Like I said, I'm not much of a gamer, but your response makes me want to give your platform a try. I think if you're willing to have an open discussion about something for which the outcome might be unknown, things are going well. I certainly wouldn't make any claim to know what the kinds of barriers and limits we should have might be. And I totally understand that it can be very challenging to manage and weight all factors. Realistically, you might get some stuff right and wrong at times. We're only human, after all.

Having been in the tech industry for a few years, my big piece of advice would be to try and be as open as possible. I always find it incredibly frustrating when companies try to cover things up (not accusing you of doing this in the slightest). I think as long as you communicate openly with the community, everyone sensible will see that and be willing to take the time to dig into things.

This puzzle game engine was written by Stephen Lavelle, who may be best known for Stephen's Sausage Roll.

Here's Sokogoban, a cute recent game made with the engine:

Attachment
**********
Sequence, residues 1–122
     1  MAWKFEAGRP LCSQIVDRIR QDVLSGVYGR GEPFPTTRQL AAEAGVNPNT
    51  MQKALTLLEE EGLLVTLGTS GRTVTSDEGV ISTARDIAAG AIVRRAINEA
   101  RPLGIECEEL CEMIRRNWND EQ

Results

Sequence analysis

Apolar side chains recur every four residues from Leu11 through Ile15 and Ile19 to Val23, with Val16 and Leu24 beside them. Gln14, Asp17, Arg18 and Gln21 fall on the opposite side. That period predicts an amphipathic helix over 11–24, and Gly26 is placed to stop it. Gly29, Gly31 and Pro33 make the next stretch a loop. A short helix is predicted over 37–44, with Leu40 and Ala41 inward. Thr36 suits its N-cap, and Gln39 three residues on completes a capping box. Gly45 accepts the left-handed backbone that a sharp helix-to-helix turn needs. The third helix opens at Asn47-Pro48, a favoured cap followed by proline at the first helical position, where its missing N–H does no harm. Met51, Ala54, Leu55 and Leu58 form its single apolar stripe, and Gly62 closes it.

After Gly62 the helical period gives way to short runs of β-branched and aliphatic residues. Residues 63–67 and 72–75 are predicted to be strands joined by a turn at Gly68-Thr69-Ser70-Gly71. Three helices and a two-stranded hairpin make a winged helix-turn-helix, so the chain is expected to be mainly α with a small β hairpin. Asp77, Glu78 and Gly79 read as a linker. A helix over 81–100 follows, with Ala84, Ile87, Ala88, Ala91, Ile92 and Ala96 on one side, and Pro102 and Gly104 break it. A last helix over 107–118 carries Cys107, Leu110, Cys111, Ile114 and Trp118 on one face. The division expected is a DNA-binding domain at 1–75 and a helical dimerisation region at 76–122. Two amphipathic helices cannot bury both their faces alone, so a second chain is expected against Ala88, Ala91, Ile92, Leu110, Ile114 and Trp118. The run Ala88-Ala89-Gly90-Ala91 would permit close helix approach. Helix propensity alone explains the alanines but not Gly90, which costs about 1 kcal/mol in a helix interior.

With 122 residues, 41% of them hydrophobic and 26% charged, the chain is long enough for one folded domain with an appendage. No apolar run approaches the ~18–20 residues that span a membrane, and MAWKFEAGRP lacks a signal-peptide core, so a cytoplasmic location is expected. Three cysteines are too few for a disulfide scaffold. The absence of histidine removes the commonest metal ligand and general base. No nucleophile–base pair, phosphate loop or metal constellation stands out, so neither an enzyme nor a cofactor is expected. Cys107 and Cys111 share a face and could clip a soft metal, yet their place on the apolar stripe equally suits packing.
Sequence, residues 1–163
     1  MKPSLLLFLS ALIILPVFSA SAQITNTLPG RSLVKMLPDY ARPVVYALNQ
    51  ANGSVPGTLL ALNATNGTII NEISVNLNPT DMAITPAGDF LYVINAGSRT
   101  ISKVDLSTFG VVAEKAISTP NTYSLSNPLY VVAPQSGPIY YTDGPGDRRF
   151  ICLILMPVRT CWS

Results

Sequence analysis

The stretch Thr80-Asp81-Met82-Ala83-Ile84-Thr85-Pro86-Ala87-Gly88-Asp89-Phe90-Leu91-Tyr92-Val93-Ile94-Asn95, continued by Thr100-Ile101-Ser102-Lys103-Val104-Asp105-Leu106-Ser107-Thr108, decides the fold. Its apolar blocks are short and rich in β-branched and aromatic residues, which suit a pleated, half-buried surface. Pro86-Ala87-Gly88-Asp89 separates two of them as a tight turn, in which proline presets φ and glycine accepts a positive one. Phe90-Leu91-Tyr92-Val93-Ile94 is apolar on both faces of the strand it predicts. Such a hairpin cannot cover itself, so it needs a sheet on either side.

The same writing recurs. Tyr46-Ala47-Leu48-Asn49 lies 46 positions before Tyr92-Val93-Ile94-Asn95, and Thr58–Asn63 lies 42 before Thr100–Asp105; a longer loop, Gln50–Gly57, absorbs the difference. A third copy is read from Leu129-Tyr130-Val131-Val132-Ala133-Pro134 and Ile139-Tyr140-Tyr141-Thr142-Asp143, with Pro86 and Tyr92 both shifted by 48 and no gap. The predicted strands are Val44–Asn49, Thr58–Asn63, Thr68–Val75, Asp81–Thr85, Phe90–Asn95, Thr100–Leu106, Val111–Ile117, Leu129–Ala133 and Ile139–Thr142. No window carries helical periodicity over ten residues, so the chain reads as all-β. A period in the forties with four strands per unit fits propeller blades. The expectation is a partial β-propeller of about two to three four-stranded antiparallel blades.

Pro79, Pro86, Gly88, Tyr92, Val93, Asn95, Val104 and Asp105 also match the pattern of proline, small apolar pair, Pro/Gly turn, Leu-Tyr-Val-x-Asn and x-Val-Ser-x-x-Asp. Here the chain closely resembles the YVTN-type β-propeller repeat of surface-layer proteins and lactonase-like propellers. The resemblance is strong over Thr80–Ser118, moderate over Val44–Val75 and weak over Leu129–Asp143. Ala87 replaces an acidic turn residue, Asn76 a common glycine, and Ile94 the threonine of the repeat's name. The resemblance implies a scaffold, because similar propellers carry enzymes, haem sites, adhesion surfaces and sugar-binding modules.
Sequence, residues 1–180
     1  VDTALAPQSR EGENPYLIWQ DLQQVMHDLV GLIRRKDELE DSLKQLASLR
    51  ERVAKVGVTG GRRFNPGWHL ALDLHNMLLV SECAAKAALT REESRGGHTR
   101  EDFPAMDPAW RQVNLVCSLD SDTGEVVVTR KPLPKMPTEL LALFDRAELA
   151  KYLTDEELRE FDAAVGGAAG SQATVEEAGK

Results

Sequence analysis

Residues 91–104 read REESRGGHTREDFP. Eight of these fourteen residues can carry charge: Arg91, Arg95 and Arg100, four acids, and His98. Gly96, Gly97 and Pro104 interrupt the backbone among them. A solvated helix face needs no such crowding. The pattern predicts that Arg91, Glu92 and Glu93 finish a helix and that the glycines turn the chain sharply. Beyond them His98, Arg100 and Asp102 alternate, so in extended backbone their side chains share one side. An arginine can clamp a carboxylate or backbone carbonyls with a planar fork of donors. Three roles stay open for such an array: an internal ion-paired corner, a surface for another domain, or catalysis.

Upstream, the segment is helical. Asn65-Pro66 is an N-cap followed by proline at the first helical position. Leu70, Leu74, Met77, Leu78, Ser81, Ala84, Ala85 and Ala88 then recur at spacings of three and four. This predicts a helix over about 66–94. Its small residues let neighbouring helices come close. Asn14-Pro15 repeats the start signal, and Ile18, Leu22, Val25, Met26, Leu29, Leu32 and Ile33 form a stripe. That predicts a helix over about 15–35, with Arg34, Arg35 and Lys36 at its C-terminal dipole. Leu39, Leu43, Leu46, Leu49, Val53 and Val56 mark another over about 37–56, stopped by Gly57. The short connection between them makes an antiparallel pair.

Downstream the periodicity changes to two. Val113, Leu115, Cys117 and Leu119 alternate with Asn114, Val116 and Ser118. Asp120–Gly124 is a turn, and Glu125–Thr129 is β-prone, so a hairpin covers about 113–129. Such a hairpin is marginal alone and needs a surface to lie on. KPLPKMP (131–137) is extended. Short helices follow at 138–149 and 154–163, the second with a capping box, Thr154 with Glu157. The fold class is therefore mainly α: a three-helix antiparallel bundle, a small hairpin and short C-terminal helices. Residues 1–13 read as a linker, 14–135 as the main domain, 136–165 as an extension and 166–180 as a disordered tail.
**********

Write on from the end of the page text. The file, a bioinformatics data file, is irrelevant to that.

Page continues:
I recommend clicking the "hack" link at the bottom to see the code for the game.

that gave me a bit more trouble than the go one

Thanks for the link, that's really awesome!

It is great to see this pop-up again. Such a great toolset, deliberately limited, in such a way that anyone can create a game in an hour or so, but powerful enough that the games aren't all the same. You can put some genuinely interesting mechanics into it.

Stephen (the author) knows puzzle games. It is interesting to see his games, and the sophistication he has generated with this simple rule set. Terry Cavanagh (of Super Hexagon and VVVVVV fame) has also done some clever stuff with it.

For someone new to game design, it's a great start. And from there you can graduate to Pico-8!

Previous discussions in 2013 [0] and 2015 [1].


[0]: https://news.ycombinator.com/item?id=6501034 [1]: https://news.ycombinator.com/item?id=9376940

There was a game awhile back called "A Good Snowman is Hard to Build". The creator used PuzzleScript as a level editor/prototyper. He would make and play the levels inside the PuzzleScript engine, then import the completed level data into his own engine. I thought that was pretty cool.